Vincent de Moro-Giafferi

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Vincent de Moro-Giafferi in 1913

Vincent de Moro-Giafferi (6 June 1878 in Paris – 15 February 1956[1]or 22 November 1956[2] was a French criminal attorney.

Moro-Giafferi was the youngest person ever appointed to the Paris bar at the age of 24. Also active in politics, he was made a Deputy to the French National Assembly from Corsica at the age of 31 in 1919. As a member of the Radical Socialist Party, he was a strong supporter of French Premier Pierre Mendès France. A Radical deputy from 1919 to 1928, he then took part in the Rally of Left Republicans from 1946 to 1956.


Moro-Giafferi served in the French army in World War I, and was an officer of the Legion of Honor. He held the Croix de guerre.

One of the most famous criminal lawyers of his era, he acquired a reputation that was global in scope. He was known as a brilliant orator, and his courtrooms were packed with other lawyers, and the general public, who would come to see his skills on display. According to his obituary in the New York Times, his rhetorical skills were so prodigious that once in 1913, after he had won an acquittal for a highly questionable client, a debate arose among the members of the French bar as to the value of the jury system in general.

Nevertheless, Moro-Giafferi is best known for a case that never actually went to trial. He was asked to defend the Polish-German assassin Herschel Grynszpan, who was accused of murdering minor German diplomat Ernst vom Rath. The assassination had geo-political consequences as the Nazis used the incident to initiate an act of state terrorism against the Jews in Germany in the events of Kristallnacht. Moro-Giafferi was preparing his defense when the Germans invaded France.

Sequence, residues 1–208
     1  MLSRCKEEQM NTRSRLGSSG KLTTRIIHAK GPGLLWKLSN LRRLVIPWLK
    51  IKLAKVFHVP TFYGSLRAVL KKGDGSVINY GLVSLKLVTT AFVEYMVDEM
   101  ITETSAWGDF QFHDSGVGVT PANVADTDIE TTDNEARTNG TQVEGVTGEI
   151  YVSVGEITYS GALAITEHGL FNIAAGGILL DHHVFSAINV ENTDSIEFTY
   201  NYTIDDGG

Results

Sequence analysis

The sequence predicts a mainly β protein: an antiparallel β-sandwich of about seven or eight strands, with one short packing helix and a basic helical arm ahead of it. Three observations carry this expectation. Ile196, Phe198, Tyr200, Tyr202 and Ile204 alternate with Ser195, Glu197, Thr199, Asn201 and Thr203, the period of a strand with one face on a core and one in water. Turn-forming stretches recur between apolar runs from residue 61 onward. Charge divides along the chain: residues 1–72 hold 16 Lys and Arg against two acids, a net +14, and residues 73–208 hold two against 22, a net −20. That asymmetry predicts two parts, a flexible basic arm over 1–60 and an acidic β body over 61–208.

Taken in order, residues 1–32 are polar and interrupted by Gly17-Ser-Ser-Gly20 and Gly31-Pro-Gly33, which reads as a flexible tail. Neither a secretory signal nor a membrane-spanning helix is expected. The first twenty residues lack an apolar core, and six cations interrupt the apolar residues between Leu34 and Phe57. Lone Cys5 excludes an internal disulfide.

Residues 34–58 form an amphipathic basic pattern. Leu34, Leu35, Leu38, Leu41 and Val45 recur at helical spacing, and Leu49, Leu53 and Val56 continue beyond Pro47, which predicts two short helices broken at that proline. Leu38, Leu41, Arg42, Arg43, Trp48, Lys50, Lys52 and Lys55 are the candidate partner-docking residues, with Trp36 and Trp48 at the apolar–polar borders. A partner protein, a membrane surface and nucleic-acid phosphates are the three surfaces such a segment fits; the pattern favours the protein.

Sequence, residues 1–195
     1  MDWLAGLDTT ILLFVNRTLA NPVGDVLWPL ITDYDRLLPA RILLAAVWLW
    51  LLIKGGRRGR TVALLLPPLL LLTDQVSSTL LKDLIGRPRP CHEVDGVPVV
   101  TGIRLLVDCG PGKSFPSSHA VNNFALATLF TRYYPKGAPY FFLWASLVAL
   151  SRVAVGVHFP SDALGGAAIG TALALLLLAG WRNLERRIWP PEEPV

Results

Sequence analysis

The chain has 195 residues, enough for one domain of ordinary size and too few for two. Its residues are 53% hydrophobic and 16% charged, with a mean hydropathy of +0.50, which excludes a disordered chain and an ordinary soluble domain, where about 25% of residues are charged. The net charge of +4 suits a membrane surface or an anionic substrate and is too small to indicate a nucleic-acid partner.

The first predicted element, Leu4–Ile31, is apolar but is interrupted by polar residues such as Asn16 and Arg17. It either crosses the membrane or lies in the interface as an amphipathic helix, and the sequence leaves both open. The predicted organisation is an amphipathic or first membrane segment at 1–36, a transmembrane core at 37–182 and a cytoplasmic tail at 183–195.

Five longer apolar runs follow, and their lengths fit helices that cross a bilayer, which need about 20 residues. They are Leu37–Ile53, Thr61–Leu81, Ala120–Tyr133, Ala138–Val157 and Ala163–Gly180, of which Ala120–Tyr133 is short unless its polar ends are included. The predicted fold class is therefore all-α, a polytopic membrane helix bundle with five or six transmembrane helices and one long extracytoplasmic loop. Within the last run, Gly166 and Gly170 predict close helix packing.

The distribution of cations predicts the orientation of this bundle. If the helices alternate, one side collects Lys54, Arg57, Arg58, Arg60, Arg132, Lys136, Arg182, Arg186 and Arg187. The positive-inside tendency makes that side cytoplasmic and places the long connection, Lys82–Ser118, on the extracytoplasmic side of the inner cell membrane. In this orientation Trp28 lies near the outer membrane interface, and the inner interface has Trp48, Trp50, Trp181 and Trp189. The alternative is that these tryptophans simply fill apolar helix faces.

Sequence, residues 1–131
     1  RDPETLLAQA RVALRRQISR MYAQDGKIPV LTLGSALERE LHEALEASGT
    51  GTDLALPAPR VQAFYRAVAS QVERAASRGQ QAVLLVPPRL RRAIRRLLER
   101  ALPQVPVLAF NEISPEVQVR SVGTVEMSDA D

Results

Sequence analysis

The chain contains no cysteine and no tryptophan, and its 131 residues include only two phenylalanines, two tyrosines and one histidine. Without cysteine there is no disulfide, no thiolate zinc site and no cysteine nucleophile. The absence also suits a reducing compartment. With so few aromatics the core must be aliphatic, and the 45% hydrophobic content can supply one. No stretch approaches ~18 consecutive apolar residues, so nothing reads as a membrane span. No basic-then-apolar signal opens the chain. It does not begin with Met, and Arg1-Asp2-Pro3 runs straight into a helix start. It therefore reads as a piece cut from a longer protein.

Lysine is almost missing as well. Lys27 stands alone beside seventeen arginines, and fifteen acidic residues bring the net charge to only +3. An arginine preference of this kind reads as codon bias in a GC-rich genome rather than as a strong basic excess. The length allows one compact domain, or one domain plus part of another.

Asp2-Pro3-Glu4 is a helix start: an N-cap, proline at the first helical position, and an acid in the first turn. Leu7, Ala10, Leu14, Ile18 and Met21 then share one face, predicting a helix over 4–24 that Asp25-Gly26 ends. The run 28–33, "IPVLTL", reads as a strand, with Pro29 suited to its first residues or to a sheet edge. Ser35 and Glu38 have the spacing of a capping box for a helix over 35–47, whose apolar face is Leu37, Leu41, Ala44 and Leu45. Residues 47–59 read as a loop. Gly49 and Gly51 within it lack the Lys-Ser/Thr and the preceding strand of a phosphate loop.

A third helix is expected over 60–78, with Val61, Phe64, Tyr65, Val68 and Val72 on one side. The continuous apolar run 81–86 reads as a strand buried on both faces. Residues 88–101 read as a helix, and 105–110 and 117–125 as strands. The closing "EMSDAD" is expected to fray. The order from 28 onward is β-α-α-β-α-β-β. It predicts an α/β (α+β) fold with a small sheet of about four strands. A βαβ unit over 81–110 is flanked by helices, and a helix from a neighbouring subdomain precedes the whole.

He also defended several other highly controversial figures, including Henri Désiré Landru, a modern-day Bluebeard (this is the only case Moro-Giafferi ever lost), former Prime Minister Joseph Caillaux (who was accused of World War I dealings with the enemy), and Lucien Sampaix, former news editor of the Communist newspaper L'Humanité (who was charged with espionage).

During the preparation of Grynzspan's defense, Moro-Giafferi is said to have received many threats. The American journalist Dorothy Thompson helped arrange the defense fund for Grynszpan.

In literature[edit]

In his iconoclastic political/science fiction novel War with the Newts, antifascist Czech writer Karel Čapek depicts a revolt of sea newts: Initially a badly exploited Lumpenproletariat, the newts, equipped by mankind with heavy weapons and underwater dredging equipment start destroying the coasts of the continents to create more Lebensraum for their fast expanding species. In a move not unlike to the Munich Agreement the westerns powers call a peace conference in Vaduz and barter the destruction of China and Far East coasts in exchange with a status-quo on their own shores. The main negotiator on the Newts side is said to be a crack French lawyer named Julien Rosso Castelli, a transparent reference to Moro-Giafferi, who had acquired international fame when he and a group of intellectuals had staged a spoof trial of the Reichstag fire, directly accusing Hermann Göring of committing the arson. In February 1936 Giafferi hurried to Davos, Switzerland, where David Frankfurter had shot and killed Wilhelm Gustloff, the head of the Swiss branch of the German Nazi Party.


  1. ^ Find A Grave Retrieved 3 August 2008
  2. ^ Gallica